×

Talkin' Jobs, but Not THAT Jobs!

Woman using a computer
Woman using a computer

Silicon Valley is once again re-inventing itself, and the timing is excellent.

These have been brutal months for so many tech workers here, with big companies like Intel, Google, Yahoo, Cisco, Microsoft, National Semiconductor and dozens of others slashing tens of thousands of positions.

It has been gut-wrenching to watch.

And sadly, for an area so steeped in creating new paradigms of efficiency and the next generation of new technology, the lesson from this downturn is all about the concept of doing more with less. Meaning, even when this economy turns around, companies will not be inviting workers back because the ones who were left were able to absorb the additional work.

It's a trend so clearly detailed with the latest earnings reports: Toplines continued to contract, but bottomlines continued to grow. Companies found new ways to squeeze more money to the profit column even as they slashed billions in expenses.

Leaner, meaner.

And while that's been the operating mantra here, new innovations and major new tech trends are gaining traction. Green tech, which saw so much hype during the campaign last year, and in the early days of the Obama Administration, is now showing some fire under all that smoke.

Take Solyndra, a solar panel start-up company housed inside the former disk drive maker HMT's headquarters along Highway 880 in Fremont, Calif. The symbolism there is striking. Silicon Valley started as a disk drive mecca with the famous Winchester drive. ("Silicon" Valley always seemed a misnomer for me.) But now, HMT is gone, and like a hermit crab, Solyndra has moved into its old shell.

People_Planet_Profit_badge.jpg

To say it's thriving is an understatement. The company after a few short years, has already outgrown its two massive buildings, and is preparing to break ground on a new corporate campus just up the road. It'll employ 2,000 construction workers, and add 1,000 new workers to its payroll. The company got the first $500 million in Federal stimulus money and it is already off to the races putting that money to good use.

It's not just Solyndra either. We've focused on Nanosolar in the past too. Venture capitalists poured a half billion dollars into 49 deals in July, a record pace. And that doesn't even include the $300 million that Exxon is investing in the biofuel alchemist company called Synthetic Genomics.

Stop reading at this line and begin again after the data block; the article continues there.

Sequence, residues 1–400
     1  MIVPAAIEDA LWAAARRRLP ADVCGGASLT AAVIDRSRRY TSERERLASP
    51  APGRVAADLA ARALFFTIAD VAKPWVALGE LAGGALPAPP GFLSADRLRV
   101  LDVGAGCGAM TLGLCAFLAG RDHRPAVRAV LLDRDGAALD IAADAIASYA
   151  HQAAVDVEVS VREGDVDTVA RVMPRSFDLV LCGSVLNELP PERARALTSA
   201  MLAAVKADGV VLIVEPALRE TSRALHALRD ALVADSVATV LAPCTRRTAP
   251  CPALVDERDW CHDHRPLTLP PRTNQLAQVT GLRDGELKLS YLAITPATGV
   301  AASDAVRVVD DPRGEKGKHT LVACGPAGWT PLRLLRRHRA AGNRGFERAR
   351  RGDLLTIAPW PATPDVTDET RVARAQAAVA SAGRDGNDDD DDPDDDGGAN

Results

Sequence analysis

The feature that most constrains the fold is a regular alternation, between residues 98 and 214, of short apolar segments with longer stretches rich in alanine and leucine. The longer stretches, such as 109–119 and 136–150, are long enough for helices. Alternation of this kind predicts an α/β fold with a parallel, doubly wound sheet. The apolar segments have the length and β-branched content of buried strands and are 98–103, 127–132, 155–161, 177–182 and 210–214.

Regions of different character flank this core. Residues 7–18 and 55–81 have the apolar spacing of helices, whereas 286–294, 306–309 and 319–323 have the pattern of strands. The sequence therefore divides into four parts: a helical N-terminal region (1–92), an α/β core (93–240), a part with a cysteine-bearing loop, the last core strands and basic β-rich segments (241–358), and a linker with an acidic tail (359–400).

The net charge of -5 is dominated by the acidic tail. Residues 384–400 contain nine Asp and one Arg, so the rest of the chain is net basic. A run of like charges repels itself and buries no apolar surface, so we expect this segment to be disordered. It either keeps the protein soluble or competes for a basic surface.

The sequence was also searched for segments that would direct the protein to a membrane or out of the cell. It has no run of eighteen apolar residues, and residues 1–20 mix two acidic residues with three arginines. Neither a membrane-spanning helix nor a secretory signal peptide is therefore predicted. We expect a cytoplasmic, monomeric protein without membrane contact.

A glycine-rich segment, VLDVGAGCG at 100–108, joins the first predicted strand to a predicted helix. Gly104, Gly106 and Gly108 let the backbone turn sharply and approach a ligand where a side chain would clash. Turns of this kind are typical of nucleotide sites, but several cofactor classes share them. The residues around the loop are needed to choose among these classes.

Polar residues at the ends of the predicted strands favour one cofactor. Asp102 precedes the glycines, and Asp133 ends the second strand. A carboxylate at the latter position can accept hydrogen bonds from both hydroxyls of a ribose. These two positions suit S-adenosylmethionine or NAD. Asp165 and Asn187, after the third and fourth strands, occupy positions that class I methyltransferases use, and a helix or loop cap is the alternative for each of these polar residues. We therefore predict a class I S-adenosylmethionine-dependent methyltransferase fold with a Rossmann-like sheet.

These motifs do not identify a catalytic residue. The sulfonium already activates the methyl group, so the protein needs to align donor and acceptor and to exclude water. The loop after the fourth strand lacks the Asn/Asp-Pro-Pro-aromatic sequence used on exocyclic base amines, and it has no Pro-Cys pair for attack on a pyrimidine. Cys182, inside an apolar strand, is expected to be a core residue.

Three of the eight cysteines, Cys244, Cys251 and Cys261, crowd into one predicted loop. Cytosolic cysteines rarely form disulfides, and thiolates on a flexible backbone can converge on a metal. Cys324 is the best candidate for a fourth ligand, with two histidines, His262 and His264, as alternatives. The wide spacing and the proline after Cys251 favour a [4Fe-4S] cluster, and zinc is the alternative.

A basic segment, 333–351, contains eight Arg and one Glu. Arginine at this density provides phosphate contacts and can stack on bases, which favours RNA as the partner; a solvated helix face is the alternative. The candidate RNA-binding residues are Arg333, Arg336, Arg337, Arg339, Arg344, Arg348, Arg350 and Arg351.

Even with California's severe budget crisis, the state will still invest $3 billion in the solar industry, and officials say that should yield 40,000 new jobs. Also, consider that 73 percent of the nation's solar panel installations happens in California. That could mean 4,000 new installer jobs by 2015.

All of this shows just how important job re-training has become, particularly in Silicon Valley where we've all seen trends change over the years, but never quite this fast. I'm not going to be a Pollyanna here. I see the boarded up store fronts, and brown lawns, and crowded coffee shops at 1030 in the morning with unemployed workers networking and wondering where their next jobs will come from. I talk with Wall Street friends who are true experts with useful, relevant skills who sit by, still unemployed, with so much to offer, waiting, and hoping, and wondering.

There are 14 million Americans out of work. Just shy of 10 percent of the working population. It's ugly.

Today's numbers show it's getting less ugly, but only slightly. Still, I look at the ingenuity, creativity, momentum and investment up and down the streets here, and I'm heartened (not emboldened, but heartened) that tech, innovation and entrepreneurship will once again bring this nation out of our economic darkness.

And that's why I say Silicon Valley's timing is excellent: Just when the nation needed new tech, a new industry, and new jobs, this region steps up again. I've seen it happen for 20 years, and I marvel at it every time.

Symbol
Price
 
Change
%Change
CSCO
---
GOOGL
---
INTC
---
MSFT
---
NATIONSTAR
---
AABA
---

Questions? Comments? TechCheck@cnbc.com